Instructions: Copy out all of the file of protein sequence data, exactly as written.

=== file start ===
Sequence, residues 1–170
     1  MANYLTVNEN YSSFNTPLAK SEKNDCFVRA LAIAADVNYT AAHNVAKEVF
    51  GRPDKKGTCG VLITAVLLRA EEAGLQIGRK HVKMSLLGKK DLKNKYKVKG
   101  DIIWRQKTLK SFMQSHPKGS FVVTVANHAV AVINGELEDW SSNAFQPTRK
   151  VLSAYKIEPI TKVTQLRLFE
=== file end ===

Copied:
Sequence, residues 1–170
     1  MANYLTVNEN YSSFNTPLAK SEKNDCFVRA LAIAADVNYT AAHNVAKEVF
    51  GRPDKKGTCG VLITAVLLRA EEAGLQIGRK HVKMSLLGKK DLKNKYKVKG
   101  DIIWRQKTLK SFMQSHPKGS FVVTVANHAV AVINGELEDW SSNAFQPTRK
   151  VLSAYKIEPI TKVTQLRLFE